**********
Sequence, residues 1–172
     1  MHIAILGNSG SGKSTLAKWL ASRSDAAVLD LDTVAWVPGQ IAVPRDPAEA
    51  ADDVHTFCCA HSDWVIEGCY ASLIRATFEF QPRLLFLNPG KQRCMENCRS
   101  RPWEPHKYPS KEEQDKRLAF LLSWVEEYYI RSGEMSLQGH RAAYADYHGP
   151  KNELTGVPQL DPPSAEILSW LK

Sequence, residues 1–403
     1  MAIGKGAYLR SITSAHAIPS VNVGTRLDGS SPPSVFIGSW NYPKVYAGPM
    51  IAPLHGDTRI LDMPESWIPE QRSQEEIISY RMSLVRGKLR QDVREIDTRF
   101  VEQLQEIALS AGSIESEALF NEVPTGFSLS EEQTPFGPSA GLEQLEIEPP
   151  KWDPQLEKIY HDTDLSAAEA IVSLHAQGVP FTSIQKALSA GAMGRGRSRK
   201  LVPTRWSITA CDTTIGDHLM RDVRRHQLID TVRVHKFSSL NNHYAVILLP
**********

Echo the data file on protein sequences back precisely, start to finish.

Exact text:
Sequence, residues 1–172
     1  MHIAILGNSG SGKSTLAKWL ASRSDAAVLD LDTVAWVPGQ IAVPRDPAEA
    51  ADDVHTFCCA HSDWVIEGCY ASLIRATFEF QPRLLFLNPG KQRCMENCRS
   101  RPWEPHKYPS KEEQDKRLAF LLSWVEEYYI RSGEMSLQGH RAAYADYHGP
   151  KNELTGVPQL DPPSAEILSW LK

Sequence, residues 1–403
     1  MAIGKGAYLR SITSAHAIPS VNVGTRLDGS SPPSVFIGSW NYPKVYAGPM
    51  IAPLHGDTRI LDMPESWIPE QRSQEEIISY RMSLVRGKLR QDVREIDTRF
   101  VEQLQEIALS AGSIESEALF NEVPTGFSLS EEQTPFGPSA GLEQLEIEPP
   151  KWDPQLEKIY HDTDLSAAEA IVSLHAQGVP FTSIQKALSA GAMGRGRSRK
   201  LVPTRWSITA CDTTIGDHLM RDVRRHQLID TVRVHKFSSL NNHYAVILLP